Originally Posted by aniT I have never witnessed this flexibility. All schools I have been too/my kids have attended it is basically do our way or go to hell attitude.
I think it is a matter of perspective, depends on what you compare US with. I'm speaking from the experience of living in another country and spending last year of my schooling in the US.

And no, marsupialmom, I don't think a child is a failure because they can't recall math facts, everyone has strength and weaknesses, and learning disabilities is a real thing. However, I would consider it a mark of good education system that ensures that those kids who can - do know their facts for life.
I have to say that I hate reform math with a passion. We are supplementing with Singapore.

I cannot believe that MOST Americans don't remember their multiplication or division tables. I certainly do. AniT, how do you calculate sale prices in stores when it says 30% off of a \$27 item? How do you decide how many packages of paper plates to buy for the class picnic if there will be 20 kids, 1 teacher, 6 parent helpers, 8 siblings, and the plates come in packages of 8? Do you carry a calculator with you all the time? I don't mean to be snarky, I really want to know.
Quote:
 Originally Posted by quietplease I have to say that I hate reform math with a passion. We are supplementing with Singapore. I cannot believe that MOST Americans don't remember their multiplication or division tables. I certainly do. AniT, how do you calculate sale prices in stores when it says 30% off of a \$27 item? How do you decide how many packages of paper plates to buy for the class picnic if there will be 20 kids, 1 teacher, 6 parent helpers, 8 siblings, and the plates come in packages of 8? Do you carry a calculator with you all the time? I don't mean to be snarky, I really want to know.
I guess on the percentage. 10% would be \$2.70 so I wold guess it would be around \$7 something. Apparently it is \$8.10. It really isn't important enough to me to be exact in that situation.

There is a calculator on my cell phone but I rarely use it.

Lets see the paper plates.. that is 35.... If they come in packets of 8 you would have to buy 5. Cause 8X4 is 32 therefor you would have to buy 5.

I "can" add and subtract. I can multiply and divide. You don't have to have table memorized to be able to do basic math functions. (and I have never seen a division table.) My DH seemed to think you have to have them memorized to do math too. That simply is not true.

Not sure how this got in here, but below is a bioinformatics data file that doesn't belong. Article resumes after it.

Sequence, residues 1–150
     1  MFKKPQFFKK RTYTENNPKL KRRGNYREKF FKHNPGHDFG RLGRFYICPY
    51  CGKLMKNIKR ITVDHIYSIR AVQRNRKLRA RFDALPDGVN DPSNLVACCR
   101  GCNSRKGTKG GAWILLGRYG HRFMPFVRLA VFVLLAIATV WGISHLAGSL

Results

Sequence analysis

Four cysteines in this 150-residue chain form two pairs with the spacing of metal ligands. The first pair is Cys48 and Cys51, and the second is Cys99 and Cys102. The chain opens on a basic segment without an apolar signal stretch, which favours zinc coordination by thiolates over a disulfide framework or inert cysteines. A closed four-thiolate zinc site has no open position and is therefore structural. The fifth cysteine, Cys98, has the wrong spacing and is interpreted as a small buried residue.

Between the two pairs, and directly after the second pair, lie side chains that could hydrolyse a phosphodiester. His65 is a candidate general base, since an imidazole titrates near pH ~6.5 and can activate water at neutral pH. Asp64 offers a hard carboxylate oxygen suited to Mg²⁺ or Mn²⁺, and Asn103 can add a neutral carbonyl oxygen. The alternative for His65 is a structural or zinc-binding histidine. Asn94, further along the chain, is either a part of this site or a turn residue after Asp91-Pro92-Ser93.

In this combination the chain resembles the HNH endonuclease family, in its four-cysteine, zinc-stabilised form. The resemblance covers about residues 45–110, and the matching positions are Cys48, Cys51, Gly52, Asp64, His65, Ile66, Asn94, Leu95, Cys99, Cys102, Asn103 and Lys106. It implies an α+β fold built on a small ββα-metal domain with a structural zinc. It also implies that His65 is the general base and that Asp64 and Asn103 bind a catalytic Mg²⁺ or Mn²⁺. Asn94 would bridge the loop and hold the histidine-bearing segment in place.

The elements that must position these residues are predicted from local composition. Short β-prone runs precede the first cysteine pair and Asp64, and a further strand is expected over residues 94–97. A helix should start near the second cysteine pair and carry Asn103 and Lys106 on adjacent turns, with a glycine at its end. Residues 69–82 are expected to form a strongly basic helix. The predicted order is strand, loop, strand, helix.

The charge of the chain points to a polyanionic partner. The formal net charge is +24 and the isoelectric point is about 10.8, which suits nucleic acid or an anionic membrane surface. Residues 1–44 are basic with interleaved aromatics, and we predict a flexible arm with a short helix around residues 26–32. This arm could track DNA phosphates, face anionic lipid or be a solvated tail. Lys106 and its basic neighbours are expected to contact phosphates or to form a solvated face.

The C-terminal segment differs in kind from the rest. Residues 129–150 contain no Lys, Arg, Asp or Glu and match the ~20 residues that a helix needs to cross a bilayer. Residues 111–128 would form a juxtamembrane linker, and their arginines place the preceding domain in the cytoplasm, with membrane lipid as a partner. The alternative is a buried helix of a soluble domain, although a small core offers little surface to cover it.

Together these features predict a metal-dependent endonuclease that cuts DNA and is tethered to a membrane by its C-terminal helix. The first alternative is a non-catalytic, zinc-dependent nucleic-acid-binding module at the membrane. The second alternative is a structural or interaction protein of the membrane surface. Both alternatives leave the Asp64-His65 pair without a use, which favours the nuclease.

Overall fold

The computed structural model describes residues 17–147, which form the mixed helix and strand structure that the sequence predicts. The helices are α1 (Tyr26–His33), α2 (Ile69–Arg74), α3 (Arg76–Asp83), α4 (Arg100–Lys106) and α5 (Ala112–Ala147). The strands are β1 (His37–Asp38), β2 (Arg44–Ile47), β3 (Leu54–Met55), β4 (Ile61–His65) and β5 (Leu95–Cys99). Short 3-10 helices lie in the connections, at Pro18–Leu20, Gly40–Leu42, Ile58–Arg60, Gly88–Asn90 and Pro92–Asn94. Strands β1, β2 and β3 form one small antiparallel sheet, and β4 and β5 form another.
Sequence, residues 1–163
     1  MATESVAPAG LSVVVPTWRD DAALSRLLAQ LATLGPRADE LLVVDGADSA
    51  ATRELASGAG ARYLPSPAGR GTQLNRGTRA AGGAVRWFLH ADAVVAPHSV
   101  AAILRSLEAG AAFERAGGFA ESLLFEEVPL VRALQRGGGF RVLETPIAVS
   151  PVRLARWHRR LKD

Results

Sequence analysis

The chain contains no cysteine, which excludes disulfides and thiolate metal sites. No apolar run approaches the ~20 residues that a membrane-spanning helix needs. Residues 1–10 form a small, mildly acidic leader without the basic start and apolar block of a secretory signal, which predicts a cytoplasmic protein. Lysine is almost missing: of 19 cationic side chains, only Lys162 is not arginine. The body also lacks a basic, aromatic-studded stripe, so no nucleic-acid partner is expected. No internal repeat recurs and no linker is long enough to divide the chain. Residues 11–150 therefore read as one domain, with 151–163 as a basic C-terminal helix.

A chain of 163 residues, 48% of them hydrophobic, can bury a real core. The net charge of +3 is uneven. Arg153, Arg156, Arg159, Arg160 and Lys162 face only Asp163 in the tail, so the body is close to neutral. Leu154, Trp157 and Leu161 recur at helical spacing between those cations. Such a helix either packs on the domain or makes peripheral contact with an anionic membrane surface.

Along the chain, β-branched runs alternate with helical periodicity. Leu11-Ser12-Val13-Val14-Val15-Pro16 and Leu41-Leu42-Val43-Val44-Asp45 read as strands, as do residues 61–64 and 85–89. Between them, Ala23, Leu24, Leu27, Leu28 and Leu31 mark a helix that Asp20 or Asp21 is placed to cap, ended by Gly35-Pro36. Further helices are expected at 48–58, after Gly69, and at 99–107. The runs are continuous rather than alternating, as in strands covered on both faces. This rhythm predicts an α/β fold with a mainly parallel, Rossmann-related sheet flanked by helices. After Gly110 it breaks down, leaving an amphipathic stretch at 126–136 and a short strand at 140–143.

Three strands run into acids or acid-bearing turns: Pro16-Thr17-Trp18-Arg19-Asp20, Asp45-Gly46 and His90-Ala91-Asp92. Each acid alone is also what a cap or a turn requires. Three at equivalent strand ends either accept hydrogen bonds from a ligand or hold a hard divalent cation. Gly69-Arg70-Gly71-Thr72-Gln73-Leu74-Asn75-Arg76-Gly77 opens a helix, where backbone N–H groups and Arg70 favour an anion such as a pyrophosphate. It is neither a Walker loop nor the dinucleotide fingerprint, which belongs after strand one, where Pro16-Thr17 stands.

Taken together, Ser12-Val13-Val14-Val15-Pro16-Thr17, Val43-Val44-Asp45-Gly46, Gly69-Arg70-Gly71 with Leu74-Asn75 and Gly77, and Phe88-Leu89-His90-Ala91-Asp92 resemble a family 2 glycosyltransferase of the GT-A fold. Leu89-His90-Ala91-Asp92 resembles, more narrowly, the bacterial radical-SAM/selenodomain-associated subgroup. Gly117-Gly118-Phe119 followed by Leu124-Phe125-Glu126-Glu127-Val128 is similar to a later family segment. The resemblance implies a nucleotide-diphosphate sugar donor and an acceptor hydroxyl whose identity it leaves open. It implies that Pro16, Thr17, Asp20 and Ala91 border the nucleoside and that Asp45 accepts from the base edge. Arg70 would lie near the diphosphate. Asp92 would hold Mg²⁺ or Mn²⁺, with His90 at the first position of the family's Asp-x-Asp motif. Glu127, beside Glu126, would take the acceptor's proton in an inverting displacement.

Quote:
 Originally Posted by NoHiddenFees However, even when I look back on my own education, I don't recall ever being taught mental math techniques.
You don't need to use mental math to add without a calculator - you just need paper & pencil, and to know your times tables up through 9x9
Quote:
 Originally Posted by crayolaab You don't need to use mental math to add without a calculator - you just need paper & pencil, and to know your times tables up through 9x9
You don't need to memorize your times tables. You can figure it out. :
Quote:
 Originally Posted by aniT You don't need to memorize your times tables. You can figure it out. :
It's a heck of a lot more efficient to just remember. I know 12x12 = 144. It takes me a second. If I had to add 12+12+12+12+12+12+12+12+12+12+12+12 = 144 it would sure take a lot longer.

I studied math in college, I do math for a living... if I didn't know basic multiplicative facts my courses & job would be a whole lot harder. I'm not saying it is for everyone - ok maybe some people can't memorize - but you should at least give all students the opportunity to learn. I can't believe some of the math curricula my teacher-friends are required to use. It's really sad.

MTA: I was actually responding more to correct what I thought was a misunderstanding earlier in this thread - which was that I didn't think this comment "I used to teach accounting at a technical college and I was horrified at the vast number of students who could not calculate percentages at all, could not add two 2-digit numbers without whipping out a calculator, didn't know what a numerator/denominator was, etc." meant that the poster expected her students to be able to add 2-digit numbers in their head, but rather add them without a calculator (using paper/pen).